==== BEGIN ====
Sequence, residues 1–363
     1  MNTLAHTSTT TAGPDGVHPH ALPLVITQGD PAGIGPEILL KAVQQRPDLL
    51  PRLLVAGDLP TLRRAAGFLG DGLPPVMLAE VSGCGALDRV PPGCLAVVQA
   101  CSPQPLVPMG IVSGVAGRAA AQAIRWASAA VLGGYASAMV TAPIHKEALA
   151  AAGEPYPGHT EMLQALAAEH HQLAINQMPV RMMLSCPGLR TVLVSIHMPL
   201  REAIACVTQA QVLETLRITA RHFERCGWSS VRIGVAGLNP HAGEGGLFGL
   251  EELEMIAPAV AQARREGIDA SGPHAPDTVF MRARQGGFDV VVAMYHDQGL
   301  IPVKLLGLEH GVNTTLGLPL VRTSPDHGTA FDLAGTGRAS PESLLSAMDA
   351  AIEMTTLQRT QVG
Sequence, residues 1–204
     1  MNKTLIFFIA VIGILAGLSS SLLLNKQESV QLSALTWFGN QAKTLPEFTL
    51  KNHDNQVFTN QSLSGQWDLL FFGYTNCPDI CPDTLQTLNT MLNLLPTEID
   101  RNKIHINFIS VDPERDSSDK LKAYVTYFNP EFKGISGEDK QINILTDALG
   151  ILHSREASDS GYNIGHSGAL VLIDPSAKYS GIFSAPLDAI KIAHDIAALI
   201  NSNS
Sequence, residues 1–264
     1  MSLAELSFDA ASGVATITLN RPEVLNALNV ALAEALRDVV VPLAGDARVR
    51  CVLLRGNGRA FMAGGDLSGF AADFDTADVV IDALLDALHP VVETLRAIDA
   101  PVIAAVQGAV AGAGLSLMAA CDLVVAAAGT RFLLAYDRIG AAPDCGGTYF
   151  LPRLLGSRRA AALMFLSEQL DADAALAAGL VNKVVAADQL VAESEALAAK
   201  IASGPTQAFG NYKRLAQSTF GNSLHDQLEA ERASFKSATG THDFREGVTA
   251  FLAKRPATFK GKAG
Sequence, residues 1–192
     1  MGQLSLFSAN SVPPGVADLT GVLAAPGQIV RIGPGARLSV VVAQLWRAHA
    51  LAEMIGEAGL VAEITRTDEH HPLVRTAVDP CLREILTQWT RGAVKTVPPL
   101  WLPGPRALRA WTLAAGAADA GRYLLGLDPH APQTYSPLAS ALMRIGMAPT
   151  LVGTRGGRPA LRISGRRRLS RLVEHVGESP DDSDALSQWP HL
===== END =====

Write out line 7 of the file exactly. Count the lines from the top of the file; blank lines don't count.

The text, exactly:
   251  EELEMIAPAV AQARREGIDA SGPHAPDTVF MRARQGGFDV VVAMYHDQGL